"Acoustic guitar," explains Desiderio. "It's like Manayunk. It's city tastes with a Shore flavor."
Is a town so endearingly tied to a culture of macho beer chugging and Journey cover-band cheering yielding to an aesthetic of chick drinks, craft beer, Uber service, and hand-rolled cigars?
Have the Landis Avenue sidewalk pukers of decades past grown into this year's tony sidewalk diners outside Braca Cafe on newly refurbished JFK, with their truffle fried potato starters and sides of mascarpone polenta?
"It's not your 1970s, '80s, '90s Sea Isle," Desiderio says. "It's changing with the way things are going, with outside dining, with the different kind of martinis. You're not having a dollar beer anymore. Now people are a little older."
Yes, a town still reeling from the loss of the beloved Fun City kiddie rides (2000, now houses) followed by this year's loss of Sandy-wrecked Fun Land kiddie rides (city-owned lot, will be parking) seems to be zeroing in on a more complex idea of fun.
As in other places before it, the old tradition of group Shore houses is fading into a landscape of affluent second-house owners and Philly-dwelling condominium buyers.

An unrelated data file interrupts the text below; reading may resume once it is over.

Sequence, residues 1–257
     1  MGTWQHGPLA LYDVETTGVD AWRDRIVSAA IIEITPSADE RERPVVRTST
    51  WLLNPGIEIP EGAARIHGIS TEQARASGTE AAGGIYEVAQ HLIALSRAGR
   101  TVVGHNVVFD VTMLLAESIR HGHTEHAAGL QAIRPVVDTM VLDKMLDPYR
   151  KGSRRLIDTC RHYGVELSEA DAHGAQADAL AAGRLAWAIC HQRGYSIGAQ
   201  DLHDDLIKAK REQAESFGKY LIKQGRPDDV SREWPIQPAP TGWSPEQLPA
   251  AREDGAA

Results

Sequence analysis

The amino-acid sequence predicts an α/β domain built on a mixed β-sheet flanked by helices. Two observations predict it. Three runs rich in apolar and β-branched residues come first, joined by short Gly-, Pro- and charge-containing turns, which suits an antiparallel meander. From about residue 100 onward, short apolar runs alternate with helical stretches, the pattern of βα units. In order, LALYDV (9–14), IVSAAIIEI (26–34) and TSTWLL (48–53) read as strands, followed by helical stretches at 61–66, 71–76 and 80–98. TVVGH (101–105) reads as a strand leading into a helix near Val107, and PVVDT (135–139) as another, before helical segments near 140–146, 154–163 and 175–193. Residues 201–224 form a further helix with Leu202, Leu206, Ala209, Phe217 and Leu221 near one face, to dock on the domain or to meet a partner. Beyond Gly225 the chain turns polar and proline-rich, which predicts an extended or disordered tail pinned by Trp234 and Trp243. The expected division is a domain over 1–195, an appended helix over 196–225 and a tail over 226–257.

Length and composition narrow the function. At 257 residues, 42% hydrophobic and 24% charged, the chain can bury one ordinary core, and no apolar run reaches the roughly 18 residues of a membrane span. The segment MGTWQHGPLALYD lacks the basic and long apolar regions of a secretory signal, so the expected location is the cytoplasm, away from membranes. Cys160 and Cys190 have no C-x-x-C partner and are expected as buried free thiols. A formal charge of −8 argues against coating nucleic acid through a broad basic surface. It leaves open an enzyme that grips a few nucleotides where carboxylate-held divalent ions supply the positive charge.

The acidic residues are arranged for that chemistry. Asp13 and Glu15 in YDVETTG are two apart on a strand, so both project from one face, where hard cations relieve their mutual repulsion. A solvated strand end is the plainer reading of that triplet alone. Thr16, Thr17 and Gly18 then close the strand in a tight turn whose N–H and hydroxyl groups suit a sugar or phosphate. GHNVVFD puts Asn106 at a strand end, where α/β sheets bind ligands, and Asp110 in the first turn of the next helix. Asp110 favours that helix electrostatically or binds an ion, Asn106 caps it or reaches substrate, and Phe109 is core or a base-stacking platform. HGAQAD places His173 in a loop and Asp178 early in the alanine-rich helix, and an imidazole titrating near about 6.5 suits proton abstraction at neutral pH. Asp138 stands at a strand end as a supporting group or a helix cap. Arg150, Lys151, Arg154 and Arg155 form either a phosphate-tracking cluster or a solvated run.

Sea Isle City may actually be maturing.
End of the spoon era
Al Schettig is in the kitchen at Busch's Seafood Restaurant, but he's cooking a plump burger on a brioche roll for a loyal employee, and that's pretty much it.
Oh, yeah, the spoon. The Spoon. The "magic" silver spoon passed down the generations that he ceremoniously keeps in a safe and trots out for top-hat-wearing broadcasters and investigative foodies.
The spoon with the cryptic measurements - "a tip of this, half a spoon of that" - for the she-crab soup of 98 years of Busch's legend. Hold on, he's looking for it.
Look, who's got patience for the spoon shtick in the midst of downsizing a 450-seat institution into She-Crab Takeout, a package store with some bar seating? He's hoping to close a sale before long.
"It was great while the population supported it," Schettig says.
And if you think Schettig is a bit sentimental about the whole Busch's enterprise grinding to a halt like the trains that pulled up to the depot that was the first use of the 450-seat building, think again.
If Busch's ends as a she-crab anachronism on a Landis Avenue that now favors tilapia tacos and stuffed veggie burritos, and a city with a freshly branded Seafood Alley by the causeway, so be it.
Sea Isle is changing. Get over it. OK, the spoon, you want to see it? Wait, here it is, stuck in a slot of junk mail on the desktop organizer. Never mind the safe.
Eh, whatever. The soup's still good, even if Schettig's lost the motivation to trot out the spoon shtick. He hopes to market to a major soup producer.
He tries to open the safe. What's the combination again?
Sea Isle will outlive Busch's and even the spoon. But if the town has moved on from this famously oversized institution in an increasingly boutique world, what exactly is it embracing?
Changing but parochial